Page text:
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Concern about Misuse of Heroin Treatment Drug

There are concerns a prescription drug meant to help heroin addicts is causing its own problems.
ST. ALBANS, Vt. - There are concerns a prescription drug meant to help heroin addicts is causing its own problems.
  
It's called buprenorphine or goes by its brand name Suboxone.

The State of Vermont says it tracks who is prescribing Suboxone and how much each person is receiving. But experts say it's clear there's a black market for the drug, even in prison.

"I've never seen anything like this," says Linda Ryan, executive director of Tim's House, a homeless shelter in St. Albans.

That's why Ryan wants people to know what's happening across Vermont.

"A lot of Suboxone is being diverted and abused and it's, it's sad," says Ryan.

Suboxone is supposed to be prescribed to help people deal with a heroin addiction.

"They sell it. They make about $1,600 a month. Some may do other things with it and some buy heroin with it," says Ryan.

Ryan says Suboxone has become a gateway drug. She says she got fed up about a year ago when almost every person staying here was on Suboxone.

"There's just too much of it in the streets and in prison right now," says Ryan.

It can be simple to try and get it into prison.

"That letter had four small pieces of Suboxone strips taped to the back of the letter," says Detective Matthew Hill, Vermont State Police.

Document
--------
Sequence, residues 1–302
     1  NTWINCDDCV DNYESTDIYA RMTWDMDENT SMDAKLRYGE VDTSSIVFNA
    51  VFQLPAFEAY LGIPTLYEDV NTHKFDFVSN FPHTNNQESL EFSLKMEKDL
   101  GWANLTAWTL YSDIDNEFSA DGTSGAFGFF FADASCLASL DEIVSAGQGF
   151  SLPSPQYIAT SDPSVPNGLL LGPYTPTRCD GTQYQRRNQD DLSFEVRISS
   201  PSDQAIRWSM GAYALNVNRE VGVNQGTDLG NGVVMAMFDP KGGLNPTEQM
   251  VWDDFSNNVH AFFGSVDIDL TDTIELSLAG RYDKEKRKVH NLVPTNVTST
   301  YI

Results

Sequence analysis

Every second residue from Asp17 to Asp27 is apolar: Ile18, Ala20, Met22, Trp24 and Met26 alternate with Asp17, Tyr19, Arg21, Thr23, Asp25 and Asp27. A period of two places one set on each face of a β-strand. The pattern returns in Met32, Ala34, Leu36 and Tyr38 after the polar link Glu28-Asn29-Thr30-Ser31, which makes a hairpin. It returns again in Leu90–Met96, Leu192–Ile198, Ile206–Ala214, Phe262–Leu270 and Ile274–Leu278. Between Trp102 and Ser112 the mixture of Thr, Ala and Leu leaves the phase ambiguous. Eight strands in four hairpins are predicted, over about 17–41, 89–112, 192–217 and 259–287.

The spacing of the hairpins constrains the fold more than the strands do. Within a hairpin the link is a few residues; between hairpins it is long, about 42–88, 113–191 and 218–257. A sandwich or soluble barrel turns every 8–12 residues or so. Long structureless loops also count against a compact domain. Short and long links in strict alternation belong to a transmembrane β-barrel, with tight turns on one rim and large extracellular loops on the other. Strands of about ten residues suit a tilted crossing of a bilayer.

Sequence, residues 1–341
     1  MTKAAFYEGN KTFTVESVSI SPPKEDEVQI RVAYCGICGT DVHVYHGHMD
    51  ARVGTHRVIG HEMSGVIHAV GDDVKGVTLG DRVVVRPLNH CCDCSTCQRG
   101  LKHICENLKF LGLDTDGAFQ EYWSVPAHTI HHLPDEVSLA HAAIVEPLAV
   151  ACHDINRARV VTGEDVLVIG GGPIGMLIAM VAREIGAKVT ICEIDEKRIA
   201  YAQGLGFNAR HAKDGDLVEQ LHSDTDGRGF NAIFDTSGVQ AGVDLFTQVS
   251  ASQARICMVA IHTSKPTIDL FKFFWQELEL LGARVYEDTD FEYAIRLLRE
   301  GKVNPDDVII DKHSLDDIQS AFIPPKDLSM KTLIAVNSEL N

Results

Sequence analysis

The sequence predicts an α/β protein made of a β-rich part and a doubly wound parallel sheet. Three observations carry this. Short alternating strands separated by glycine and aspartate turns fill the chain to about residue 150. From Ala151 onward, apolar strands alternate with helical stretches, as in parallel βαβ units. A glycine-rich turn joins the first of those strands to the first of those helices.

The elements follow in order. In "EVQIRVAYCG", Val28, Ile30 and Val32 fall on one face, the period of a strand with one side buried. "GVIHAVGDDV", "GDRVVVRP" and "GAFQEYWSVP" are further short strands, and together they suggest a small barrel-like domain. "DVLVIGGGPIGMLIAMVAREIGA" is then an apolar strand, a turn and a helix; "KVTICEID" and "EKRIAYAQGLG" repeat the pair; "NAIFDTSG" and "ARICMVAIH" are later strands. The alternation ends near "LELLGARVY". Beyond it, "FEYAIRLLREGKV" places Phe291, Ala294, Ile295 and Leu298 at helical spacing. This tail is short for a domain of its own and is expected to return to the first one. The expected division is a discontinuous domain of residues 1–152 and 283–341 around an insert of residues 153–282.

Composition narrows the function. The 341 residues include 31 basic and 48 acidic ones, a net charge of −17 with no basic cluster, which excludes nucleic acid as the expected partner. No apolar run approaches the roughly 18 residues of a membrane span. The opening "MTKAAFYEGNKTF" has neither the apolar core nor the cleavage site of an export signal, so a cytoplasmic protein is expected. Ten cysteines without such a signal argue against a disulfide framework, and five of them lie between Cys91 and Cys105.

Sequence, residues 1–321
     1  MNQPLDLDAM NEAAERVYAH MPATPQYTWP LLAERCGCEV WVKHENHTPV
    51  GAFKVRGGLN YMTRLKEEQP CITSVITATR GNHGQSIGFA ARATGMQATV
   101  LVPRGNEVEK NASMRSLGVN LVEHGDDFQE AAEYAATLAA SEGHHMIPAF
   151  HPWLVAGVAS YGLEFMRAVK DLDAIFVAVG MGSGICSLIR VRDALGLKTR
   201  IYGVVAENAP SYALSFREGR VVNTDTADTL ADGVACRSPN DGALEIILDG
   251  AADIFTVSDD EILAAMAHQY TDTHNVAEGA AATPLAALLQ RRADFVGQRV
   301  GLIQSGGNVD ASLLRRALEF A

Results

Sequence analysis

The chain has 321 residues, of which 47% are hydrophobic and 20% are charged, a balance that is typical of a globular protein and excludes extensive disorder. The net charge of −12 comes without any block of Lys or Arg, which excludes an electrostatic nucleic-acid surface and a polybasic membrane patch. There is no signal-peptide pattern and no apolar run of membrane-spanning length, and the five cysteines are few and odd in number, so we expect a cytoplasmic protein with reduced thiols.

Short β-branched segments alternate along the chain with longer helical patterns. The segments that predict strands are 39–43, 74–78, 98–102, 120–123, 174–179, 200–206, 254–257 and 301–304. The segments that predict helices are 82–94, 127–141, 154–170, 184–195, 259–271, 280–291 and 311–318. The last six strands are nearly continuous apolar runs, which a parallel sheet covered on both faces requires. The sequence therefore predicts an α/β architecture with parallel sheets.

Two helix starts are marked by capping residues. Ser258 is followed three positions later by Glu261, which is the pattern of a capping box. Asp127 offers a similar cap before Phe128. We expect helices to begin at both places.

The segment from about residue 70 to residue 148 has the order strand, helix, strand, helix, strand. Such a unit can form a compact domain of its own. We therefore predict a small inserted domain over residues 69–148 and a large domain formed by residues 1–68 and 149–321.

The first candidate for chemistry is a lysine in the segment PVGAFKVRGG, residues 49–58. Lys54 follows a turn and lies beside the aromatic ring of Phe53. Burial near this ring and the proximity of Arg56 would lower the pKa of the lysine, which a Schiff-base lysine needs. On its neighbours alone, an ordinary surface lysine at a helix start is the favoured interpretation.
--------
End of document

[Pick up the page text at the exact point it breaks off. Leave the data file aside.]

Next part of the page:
Hill says two women were busted this week trying to send the drug to someone at the Chittenden Regional Correctional Facility. He says attempts to smuggle Suboxone into jail are becoming more common, as is finding people in the community with it.

"People are trying to use it as a way to hold them over until they can get into a treatment program because of the waiting lists in Vermont for getting into these treatment programs. Some of the people I've talked to have said, 'I bought it and I bought it because I'm trying to stay off of heroin and this helps me do that'," says Hill.

Ryan, who is a licensed drug counselor, says the drug can help some people. But she worries it's hurting too many others.

"We need to prescribe this drug less. Maybe have it as a last resort treatment instead of a first," says Ryan.

Police say if they do catch someone abusing a Suboxone prescription they can reach out to their doctor. Then their management plan can be changed, including only giving them one dose a day.

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